Kappa At Work, the review of an unusual manga

Kappa At Work, the review of an unusual manga
Kappa At Work, the manga featured in today's review, is one of the most complex works to review that we have ever read. It is, in fact, a decidedly complicated comic to frame and enclose in a single concept or genre. It is a work of absolute break with the canonical Japanese comics that are usually sold on newsstands or comics shops and for this reason an applause should be made to Edizioni Star Comics which has decided to bring to Italy, through its Umami series, the particular and innovative work by Imiri Sakabashira after having already presented the mangaka in Italy with The box man.

Read also: The Funeral Procession of K, the review of the manga by Maki Kusumoto

Kappa At Work: an unusual story between realism and surrealism

The story of Kappa At Work is that of Anne, a young girl looking for a job that can allow her to support both herself and her father, who does not it may work due to a strange and rare disease. One day, while on her way to a job interview, the girl suddenly finds herself inside a submarine dedicated to octopus fishing, the Takobune. Inside this submarine, the girl will have to cook for a crew of Kappa pirates, or rather animal creatures born from Japanese folklore. From this moment on an unforgettable journey will begin for her between hallucinating landscapes, battles against scary beings and mystical creatures, encounters with indescribable subjects and crazy experiences halfway between realism and surrealism.

Light but not trivial narration

Already from the plot you can understand how the narration is anything but linear and there is no logic either in the succession of events or in the actions of the characters . Kappa At Work is a sometimes revolutionary work that mixes bright Western influences within the Japanese tradition. Just look carefully at the rich market to notice original characters, sometimes disgusting, who mix yokai and kaiju together with robots and icons of Western culture. The mergers between East and West, between magic and technology and between nature and artificiality make the atmospheres dreamed, psychedelic and highly illogical, but they have also allowed the author to be included in the Olympus of the gekiga genre.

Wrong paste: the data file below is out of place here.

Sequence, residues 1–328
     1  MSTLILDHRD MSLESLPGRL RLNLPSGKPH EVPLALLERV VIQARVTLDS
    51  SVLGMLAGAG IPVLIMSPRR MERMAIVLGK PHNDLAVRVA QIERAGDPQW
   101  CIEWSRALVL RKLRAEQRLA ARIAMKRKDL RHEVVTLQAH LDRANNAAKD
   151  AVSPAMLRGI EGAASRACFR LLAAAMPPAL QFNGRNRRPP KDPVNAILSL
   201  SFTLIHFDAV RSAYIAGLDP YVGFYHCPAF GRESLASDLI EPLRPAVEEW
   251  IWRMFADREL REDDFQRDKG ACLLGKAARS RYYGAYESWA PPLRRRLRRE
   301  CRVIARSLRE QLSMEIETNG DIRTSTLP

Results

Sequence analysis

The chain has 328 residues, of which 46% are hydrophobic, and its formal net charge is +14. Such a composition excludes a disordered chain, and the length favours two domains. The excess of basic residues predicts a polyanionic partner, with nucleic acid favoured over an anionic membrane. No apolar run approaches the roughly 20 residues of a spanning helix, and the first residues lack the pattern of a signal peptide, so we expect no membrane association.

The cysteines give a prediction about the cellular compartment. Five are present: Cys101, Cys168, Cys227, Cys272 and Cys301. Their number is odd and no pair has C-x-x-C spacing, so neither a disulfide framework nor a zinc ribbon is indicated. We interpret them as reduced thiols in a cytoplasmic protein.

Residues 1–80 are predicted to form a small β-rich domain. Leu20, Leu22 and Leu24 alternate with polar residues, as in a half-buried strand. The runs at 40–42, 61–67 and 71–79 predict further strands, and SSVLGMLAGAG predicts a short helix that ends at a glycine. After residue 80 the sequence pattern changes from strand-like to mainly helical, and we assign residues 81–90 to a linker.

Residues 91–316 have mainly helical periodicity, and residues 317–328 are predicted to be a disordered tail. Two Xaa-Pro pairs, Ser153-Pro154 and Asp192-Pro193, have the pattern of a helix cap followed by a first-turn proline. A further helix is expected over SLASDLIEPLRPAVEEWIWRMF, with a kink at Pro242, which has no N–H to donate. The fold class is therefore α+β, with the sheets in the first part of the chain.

L he work of Imiri Sakabashira should not be understood, but neither should it be read with speed and superficiality as it shows a path of growth that involves both the protagonist and the reader. By carefully analyzing the manga, we understand how the chaos is not the final result of a disorganization or inexperience of the author, but the result of a detailed and long-term study over the years. The characters are also quite inscrutable as they are characterized by an absolute lack of logic both in their behavior and in most of their dialogues. The plot, therefore, is almost overshadowed, leaving the viewer inside a physical and mental journey made by the protagonist who offers many interesting insights.

Between paintings and drawings " ungraceful ”

This is undoubtedly a very intelligent narrative technique that makes it possible to make Kappa At Work a work universally enjoyable by all types of public. It is in fact able to entertain those looking for a light and easy-going adventure, but it can also be enjoyed by all readers who instead want to keep their minds occupied with the observation of rich details and important reflections of the ancient and modern world. All this is also reflected in the aesthetic sector: the tables are rich in both environmental and anatomical details regarding the characters.

The expressiveness of both the protagonists and the secondary characters allows you to understand the events simply by observing the boards without necessarily reading the dialogues. There is an imposing influence of the Heta-uma artistic movement, with an almost clumsy drawing style characterized by a thick stroke reminiscent of the most retro manga. The characters have an almost beginner's trait that allows you to make the work even more special and original. If we then think that the settings are halfway between the pre-industrial era and the modern era with influences from Russian society in the first half of the twentieth century, but also with strong Japanese cultural traits, we understand how drawing is the main means of showing the irregularity of the work.

The editorial component

The Italian edition created by Edizioni Star Comics is of excellent workmanship. The cover, brilliantly decorated with one of Imiri Sakabashira's color plates, has flaps that are convenient to use as a bookmark.

The first pages are characterized by the presence of other beautiful color plates by the author who, in addition to being known as a skilled mangaka, he is also a famous Japanese painter (the latter aspect can be observed from the presence of tables in which there are dialogues interspersed with totally lacking tables). At the end of the volume there is also a photo and a short story in prose. Finally, the choice of textured paper is excellent, which gives the work a beautiful visual and tactile sensation.

In conclusion ...

Kappa At Work is therefore a work that allows the reader to abandon the own comfort zone made of classic manga and sometimes lacking in originality. The work must be read and observed while enjoying its philosophy made up of illogic and psychedelic and dreamlike settings, but also great care and not a few teachings. The lightness of the drawings and the narration can, however, be misleading: Kappa At Work is not a manga to be taken lightly.

Emotions and details must be captured only by paying the right attention, perhaps by reading the work many times. In short, if you are a lover of manga and comics in general, you cannot miss this little gem.

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